On the 1st of April 2022, the Insurance and Pensions Commission of Zimbabwe (IPEC) introduced amendments to the Directive on Systems of Governance and Risk Management for Insurance Companies, 2016. The amendments were introduced as part of IPEC’s ongoing pursuit to improve corporate governance in insurance companies. The amendments were introduced and added in a newly published Directive on Systems of Governance and Risk Management for Insurance Companies, 2022. This article takes a look at the major changes that have been brought about by the amendments, and whether these changes may be seen as a positive move or as tighter scrutiny on insurance companies by IPEC.

The first notable change introduced by the amendments relates to nominee companies and family trusts’ ability to own shares in insurance companies. Under the 2016 Directive, there was a general prohibition on nominee companies and family trusts from owning any shareholding in insurance companies. The provision has now been repealed. Nominee companies and family trusts can now on shares in insurance companies. However, they cannot own significant shareholding (i.e. more than 10% of the issued share capital) without first revealing to IPEC the identity of their ultimate beneficial owner or control information in the case of family trusts. The amendment can be considered a positive. IPEC has set aside its concerns of nominee companies and family trusts owning shares in insurance companies as it had previously considered such entities to be a huge risk because they could easily conceal the details of their ultimate beneficial ownership.

Insurers will also be pleased to note that provisions relating to the composition of their boards of directors have also been amended. Previously, the board of an insurer had to have a minimum of 5 directors, majority of which had to be non-executive. The provision has now been amended by removal of the prescribed minimum of 5 directors. There is no longer a minimum number. All an insurer must ensure is that the majority of its board consists of non-executive directors at all times. Further, the 2016 Directive provided that the principal officer of an insurer had to be an exofficio member of the board with no right to vote at board meetings. The prohibition on the right to vote has been removed. The amended provision simply provides that the principal offer must be an exofficio member only.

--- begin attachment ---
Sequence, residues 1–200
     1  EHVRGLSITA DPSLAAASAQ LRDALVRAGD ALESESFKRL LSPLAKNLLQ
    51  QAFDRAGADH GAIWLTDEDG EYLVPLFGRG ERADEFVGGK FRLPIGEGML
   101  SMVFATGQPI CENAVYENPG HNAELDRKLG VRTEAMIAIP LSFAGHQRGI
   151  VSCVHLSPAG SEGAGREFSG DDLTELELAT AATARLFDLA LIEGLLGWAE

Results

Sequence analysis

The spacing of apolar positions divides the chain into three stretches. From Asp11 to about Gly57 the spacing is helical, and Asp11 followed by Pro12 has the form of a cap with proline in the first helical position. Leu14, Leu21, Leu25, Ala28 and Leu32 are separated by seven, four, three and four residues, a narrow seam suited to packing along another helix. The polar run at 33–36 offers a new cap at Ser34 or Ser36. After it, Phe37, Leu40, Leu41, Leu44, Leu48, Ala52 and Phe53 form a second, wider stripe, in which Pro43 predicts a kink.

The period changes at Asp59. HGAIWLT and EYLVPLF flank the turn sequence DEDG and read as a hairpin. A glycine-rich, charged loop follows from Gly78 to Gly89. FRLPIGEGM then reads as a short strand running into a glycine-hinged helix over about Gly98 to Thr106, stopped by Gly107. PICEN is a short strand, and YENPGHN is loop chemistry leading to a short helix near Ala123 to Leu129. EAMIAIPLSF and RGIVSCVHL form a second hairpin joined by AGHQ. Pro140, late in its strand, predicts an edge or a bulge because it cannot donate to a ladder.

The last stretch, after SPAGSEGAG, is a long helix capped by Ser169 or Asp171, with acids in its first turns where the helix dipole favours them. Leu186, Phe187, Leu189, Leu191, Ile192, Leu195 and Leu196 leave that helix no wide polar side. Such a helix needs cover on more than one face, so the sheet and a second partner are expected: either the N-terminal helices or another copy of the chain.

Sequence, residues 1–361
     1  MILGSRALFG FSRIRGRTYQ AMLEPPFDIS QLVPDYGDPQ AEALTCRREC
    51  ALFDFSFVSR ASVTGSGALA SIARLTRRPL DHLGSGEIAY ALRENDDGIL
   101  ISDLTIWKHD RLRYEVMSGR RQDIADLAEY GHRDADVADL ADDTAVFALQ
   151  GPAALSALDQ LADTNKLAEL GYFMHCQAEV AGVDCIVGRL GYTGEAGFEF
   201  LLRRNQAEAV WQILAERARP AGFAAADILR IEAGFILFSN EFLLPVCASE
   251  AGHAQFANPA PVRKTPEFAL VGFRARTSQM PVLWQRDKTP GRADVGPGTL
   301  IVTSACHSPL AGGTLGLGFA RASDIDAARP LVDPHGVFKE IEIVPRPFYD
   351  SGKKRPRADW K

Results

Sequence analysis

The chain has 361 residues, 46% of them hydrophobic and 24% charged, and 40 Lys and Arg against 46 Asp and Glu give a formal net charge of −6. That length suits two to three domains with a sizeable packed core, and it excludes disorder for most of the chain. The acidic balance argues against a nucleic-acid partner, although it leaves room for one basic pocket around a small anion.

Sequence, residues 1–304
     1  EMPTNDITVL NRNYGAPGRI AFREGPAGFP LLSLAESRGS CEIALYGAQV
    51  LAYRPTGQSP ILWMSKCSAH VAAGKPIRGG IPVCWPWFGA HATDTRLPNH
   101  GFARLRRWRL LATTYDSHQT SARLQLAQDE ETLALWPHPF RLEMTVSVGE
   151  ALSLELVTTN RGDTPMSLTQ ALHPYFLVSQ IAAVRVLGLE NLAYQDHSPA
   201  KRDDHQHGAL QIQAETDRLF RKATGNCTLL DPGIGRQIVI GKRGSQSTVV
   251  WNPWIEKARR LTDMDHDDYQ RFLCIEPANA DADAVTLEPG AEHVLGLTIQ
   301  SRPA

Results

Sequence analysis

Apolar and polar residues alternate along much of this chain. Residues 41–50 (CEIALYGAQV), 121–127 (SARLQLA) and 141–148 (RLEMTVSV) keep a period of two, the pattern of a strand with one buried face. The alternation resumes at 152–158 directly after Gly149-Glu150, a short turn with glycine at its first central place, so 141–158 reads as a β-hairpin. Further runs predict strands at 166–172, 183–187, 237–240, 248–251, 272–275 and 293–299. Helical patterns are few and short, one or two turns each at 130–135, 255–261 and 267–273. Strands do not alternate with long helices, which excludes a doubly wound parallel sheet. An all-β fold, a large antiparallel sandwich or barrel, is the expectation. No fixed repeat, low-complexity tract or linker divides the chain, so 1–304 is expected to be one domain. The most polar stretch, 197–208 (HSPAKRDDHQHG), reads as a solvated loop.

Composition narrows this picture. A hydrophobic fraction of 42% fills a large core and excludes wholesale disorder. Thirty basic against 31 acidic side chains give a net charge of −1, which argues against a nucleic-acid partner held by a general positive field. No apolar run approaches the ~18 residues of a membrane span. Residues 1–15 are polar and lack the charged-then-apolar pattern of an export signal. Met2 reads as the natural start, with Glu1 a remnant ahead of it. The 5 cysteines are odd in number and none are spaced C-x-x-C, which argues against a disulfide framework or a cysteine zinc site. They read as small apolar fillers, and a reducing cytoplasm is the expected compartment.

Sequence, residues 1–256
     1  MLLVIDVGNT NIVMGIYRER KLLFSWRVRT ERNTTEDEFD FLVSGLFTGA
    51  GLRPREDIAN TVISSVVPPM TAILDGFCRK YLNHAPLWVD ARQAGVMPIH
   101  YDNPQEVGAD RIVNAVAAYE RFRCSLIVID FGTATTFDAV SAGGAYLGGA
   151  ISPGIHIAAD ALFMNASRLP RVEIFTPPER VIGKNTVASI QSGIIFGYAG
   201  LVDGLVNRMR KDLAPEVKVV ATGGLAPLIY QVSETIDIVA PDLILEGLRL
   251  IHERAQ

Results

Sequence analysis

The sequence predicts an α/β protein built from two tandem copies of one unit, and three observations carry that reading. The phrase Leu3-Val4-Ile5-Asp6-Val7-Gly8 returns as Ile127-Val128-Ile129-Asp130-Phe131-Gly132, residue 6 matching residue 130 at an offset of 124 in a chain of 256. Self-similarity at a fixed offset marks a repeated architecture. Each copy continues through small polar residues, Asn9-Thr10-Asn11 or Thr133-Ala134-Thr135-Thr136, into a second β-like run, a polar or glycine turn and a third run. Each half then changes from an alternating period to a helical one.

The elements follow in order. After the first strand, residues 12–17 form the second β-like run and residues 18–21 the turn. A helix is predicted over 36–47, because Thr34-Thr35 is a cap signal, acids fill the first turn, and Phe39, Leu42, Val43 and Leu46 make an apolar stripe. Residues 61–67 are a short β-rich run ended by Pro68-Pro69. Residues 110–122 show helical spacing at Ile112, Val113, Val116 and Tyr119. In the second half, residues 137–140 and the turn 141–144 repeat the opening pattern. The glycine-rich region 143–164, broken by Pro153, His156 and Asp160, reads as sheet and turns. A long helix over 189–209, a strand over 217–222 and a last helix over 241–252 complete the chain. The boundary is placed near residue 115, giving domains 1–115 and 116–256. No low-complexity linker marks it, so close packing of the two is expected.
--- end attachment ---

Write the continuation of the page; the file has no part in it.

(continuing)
Another amendment that has been introduced relates to the functions of the Nomination and Remuneration committees of insurance companies. Under section 4.10.5 (c) of the 2016 Directive, Nomination and Remuneration committees had to undertake due diligence enquiries in respect of directors and senior management to ensure that the directors and senior managers met the “fit and proper person” criteria on an ongoing basis. This has been amended and the Nomination and Remuneration committees now have to undertake the due diligence enquiries to ensure that directors and senior managers meet the fit and proper person criteria after every 5 years.

The standard of qualification and years of experience that a principal officer of an insurer must possess have also been amended. Under the 2016 Directive, principal officers had to simply hold a qualification in insurance or other qualification approved by IPEC, and had to have more than 10 years’ experience in a managerial capacity in the insurance sector. This has been amended and for one to be a principal officer, they must possess a qualification in insurance “minimum a diploma” and must have more than 5 years’ experience in a managerial capacity in in the insurance sector. The amendment can be looked at with mixed feelings. On the one hand it significantly lowers the years of experience that a person must have to be a principal officer. On the other hand the amendment raises the standard of qualification the person must possess. It no longer suffices to hold any insurance qualification to become a principal officer, it must be at least a diploma.

The Directive on Systems of Governance and Risk Management for Insurance Companies, 2022 introduces new corporate governance requirements that may carry mixed feelings to some insurers. On the one hand, we see IPEC taking a more flexible approach towards how insurers can regulate their affairs whilst in some aspects, IPEC has definitely introduced more stringent controls and standards.

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